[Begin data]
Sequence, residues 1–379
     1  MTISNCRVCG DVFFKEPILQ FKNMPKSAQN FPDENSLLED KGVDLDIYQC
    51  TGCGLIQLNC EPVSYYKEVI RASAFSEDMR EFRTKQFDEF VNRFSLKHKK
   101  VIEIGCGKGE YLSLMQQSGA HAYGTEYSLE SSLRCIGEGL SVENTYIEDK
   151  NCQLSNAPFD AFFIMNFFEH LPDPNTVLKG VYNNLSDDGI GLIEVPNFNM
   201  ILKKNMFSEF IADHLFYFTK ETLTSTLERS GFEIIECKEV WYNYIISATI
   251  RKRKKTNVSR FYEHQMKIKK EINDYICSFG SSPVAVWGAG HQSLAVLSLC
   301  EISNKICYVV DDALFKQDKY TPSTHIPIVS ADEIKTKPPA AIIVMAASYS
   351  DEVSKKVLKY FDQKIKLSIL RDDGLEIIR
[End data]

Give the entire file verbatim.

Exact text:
Sequence, residues 1–379
     1  MTISNCRVCG DVFFKEPILQ FKNMPKSAQN FPDENSLLED KGVDLDIYQC
    51  TGCGLIQLNC EPVSYYKEVI RASAFSEDMR EFRTKQFDEF VNRFSLKHKK
   101  VIEIGCGKGE YLSLMQQSGA HAYGTEYSLE SSLRCIGEGL SVENTYIEDK
   151  NCQLSNAPFD AFFIMNFFEH LPDPNTVLKG VYNNLSDDGI GLIEVPNFNM
   201  ILKKNMFSEF IADHLFYFTK ETLTSTLERS GFEIIECKEV WYNYIISATI
   251  RKRKKTNVSR FYEHQMKIKK EINDYICSFG SSPVAVWGAG HQSLAVLSLC
   301  EISNKICYVV DDALFKQDKY TPSTHIPIVS ADEIKTKPPA AIIVMAASYS
   351  DEVSKKVLKY FDQKIKLSIL RDDGLEIIR